The annual St. David’s Day Gathering of the Welsh Society of Western New England was held on Saturday, March 2, 2013 at the Nutmeg restaurant in East Windsor, CT.
WSWNE president Tom Bernard welcomed the largest attendance ever. He then asked for a moment of recognition in memory of several members who died in the past year (including Arthur Norwood, Sarah Dreher, Sallie Hughes Pitt, Kathleen Steece) and for Bronwyn Gosselin, whose son, Jim Gosselin, attending for the first time along with other family members, spoke of how much his mother would have enjoyed being part of this gathering. A St. David’s Day proclamation from Susan Kitchens, British Consul General to New England, and greetings from Carwyn Jones, First Minister of Wales, were acknowledged. An opening prayer was read by founding chaplain, the Rev. Arvel M Steece.
Following a delicious luncheon, WSWNE president Tom Bernard chaired the Annual General Meeting at which the proposed slate was unanimously elected to serve on the 2013-14 Board of Directors.
Susan Davies Sit (CT)- President
Sherry Williams (CT) – Vice-President
Susan Jenkins Meers (CT) – Secretary/Clerk
Bob Bolgard (CT) – Treasurer
Nancy Bolgard (CT)
Beth Roberts Brown (MA)
Ed Brown (MA)
Glyn Dowden (CT)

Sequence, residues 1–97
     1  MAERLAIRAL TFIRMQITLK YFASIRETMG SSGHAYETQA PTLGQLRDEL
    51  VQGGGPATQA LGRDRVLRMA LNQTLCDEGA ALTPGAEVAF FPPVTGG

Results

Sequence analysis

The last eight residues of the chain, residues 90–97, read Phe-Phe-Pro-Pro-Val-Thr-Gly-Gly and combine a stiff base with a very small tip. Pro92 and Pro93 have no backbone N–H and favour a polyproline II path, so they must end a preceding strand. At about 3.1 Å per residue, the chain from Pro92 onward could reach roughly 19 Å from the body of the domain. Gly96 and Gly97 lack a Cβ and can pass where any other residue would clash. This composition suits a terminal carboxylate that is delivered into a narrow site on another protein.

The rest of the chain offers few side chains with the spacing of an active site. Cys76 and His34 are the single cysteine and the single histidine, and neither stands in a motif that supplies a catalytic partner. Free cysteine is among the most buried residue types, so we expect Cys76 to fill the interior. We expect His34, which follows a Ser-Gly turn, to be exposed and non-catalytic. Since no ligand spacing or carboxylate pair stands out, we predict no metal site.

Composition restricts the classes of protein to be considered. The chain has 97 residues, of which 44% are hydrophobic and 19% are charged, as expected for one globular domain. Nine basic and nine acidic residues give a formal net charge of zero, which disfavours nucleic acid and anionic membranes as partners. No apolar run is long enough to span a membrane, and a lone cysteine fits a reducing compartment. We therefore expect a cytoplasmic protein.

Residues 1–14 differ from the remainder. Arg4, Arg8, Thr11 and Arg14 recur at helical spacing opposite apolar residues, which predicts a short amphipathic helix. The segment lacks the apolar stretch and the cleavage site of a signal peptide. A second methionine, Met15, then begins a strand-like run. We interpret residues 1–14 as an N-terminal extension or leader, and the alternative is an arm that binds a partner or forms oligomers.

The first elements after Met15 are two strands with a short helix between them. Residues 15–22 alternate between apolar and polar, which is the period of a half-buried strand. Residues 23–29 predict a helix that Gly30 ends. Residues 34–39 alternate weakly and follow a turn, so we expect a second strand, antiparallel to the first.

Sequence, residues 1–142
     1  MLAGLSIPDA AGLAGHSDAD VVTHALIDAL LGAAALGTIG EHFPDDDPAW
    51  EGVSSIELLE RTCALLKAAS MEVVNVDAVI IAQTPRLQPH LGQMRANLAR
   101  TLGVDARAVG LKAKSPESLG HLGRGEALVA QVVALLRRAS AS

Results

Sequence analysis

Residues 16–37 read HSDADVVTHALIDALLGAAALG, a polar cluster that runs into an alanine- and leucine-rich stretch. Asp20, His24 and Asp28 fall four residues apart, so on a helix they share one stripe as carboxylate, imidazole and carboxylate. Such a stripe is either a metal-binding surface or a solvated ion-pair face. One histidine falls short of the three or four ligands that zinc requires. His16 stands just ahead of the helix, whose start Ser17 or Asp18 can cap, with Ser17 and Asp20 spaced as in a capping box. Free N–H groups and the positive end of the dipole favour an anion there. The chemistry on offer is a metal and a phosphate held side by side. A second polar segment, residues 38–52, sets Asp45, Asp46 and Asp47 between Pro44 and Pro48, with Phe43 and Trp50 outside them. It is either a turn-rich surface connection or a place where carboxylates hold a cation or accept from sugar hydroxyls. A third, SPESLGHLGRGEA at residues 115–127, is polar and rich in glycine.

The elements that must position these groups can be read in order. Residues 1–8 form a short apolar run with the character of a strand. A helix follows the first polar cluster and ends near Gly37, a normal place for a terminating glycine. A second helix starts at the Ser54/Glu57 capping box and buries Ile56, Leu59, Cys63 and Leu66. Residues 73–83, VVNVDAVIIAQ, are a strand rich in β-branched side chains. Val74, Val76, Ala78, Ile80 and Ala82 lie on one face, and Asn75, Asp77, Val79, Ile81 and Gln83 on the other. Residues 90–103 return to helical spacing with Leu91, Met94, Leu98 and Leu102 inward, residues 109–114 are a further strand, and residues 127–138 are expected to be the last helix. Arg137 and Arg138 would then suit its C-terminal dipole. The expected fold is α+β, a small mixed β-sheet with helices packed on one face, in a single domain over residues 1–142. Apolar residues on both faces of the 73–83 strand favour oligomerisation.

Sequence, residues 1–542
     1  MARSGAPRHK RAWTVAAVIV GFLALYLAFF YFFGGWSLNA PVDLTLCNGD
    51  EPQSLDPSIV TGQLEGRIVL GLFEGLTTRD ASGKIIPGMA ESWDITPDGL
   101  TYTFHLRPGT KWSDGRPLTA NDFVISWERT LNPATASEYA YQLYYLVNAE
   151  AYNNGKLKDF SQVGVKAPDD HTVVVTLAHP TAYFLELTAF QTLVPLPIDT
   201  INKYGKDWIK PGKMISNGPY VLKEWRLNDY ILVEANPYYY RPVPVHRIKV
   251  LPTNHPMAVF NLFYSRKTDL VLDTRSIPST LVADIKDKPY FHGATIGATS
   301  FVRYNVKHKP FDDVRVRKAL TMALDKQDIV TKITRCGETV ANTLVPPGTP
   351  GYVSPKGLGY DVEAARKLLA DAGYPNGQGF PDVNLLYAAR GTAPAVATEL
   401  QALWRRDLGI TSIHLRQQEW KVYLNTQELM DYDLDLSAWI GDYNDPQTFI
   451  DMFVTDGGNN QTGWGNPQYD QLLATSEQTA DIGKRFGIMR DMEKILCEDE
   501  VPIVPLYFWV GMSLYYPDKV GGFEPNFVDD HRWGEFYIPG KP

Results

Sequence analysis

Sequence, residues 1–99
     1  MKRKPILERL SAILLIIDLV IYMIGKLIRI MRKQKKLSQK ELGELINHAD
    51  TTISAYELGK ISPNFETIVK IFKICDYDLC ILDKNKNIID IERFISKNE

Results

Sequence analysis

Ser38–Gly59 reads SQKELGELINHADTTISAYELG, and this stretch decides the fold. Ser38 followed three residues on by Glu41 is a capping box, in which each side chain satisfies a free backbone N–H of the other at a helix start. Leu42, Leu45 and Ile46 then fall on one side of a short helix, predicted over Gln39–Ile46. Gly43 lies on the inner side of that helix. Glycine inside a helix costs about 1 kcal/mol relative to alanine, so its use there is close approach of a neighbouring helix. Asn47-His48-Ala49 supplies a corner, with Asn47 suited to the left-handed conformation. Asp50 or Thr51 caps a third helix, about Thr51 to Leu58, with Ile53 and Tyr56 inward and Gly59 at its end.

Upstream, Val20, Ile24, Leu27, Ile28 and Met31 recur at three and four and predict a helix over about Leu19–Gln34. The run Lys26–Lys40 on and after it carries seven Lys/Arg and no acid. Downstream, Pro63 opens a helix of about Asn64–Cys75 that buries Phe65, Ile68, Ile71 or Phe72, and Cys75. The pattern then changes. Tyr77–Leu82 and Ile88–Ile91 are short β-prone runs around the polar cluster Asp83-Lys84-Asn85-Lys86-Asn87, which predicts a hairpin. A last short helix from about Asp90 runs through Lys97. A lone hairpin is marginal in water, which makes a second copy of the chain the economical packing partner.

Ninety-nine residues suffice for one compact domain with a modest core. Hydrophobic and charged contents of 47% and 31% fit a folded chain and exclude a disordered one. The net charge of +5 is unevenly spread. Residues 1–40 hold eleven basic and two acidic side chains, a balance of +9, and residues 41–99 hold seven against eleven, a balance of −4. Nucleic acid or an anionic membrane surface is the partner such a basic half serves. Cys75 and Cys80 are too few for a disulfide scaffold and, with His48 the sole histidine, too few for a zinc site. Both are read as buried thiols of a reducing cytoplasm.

Magdalen Dowden (CT)
Shirley Gilmartin (CT)
Tom Bernard presented a fascinating program on the topic of “Welsh Family Names: Origins, Meanings, and Significance”. After explaining the four major categories of last name derivations (Place, Occupational, Descriptive and Patronymic), he went on to give a wealth of examples and to illustrate the many influences on the form of the name. For example, the last name “Welsh” would likely be spelled “Welch” where French is spoken, become “Walsh” in Ireland, and “Wallace” in Scotland.
After pointing out that classic Welsh surnames (like Williams, Jones, and Davis/Davies) are among the most common in the U.S. population, he explained that these are actually English names. The English names were adopted at a time when people calling themselves by real Welsh names (like Lloyd, Maddox, and Rhys) were at a disadvantage; they were considered a threat by the English who occupied and dominated Wales in the early middle ages and wanted no uprisings by the likes of an Owain Glyndwr. Even the name “Wales” itself is English (meaning foreign – not English) vs. the original name of “Cymru”.
Upon conclusion of his talk, outgoing president Tom Bernard turned the meeting over to the newly elected president, Susan Davies Sit.
Susan and others praised Tom for his ten years of outstanding service as WSWNE president. Treasurer Bob Bolgard presented Tom with a card of thanks signed by all present and a presentation desk set with a plaque that reads, “To Thomas Bernard with great appreciation for ten years service as president of the Welsh Society of Western New England. Diolch o galon.”
After several announcements of upcoming events, Tina Davies was given an enthusiastic round of applause for organizing another splendid St. David’s Day Gathering (her eleventh or twelfth?!); she thanked everyone who helped with the
The gathering ended with the singing of Hen Wlad Fy Nhadau (the Welsh National Anthem) accompanied by Tina Davies on piano.
The pots of daffodils that had graced the tables were given to ladies attending a WSWNE event for the first time.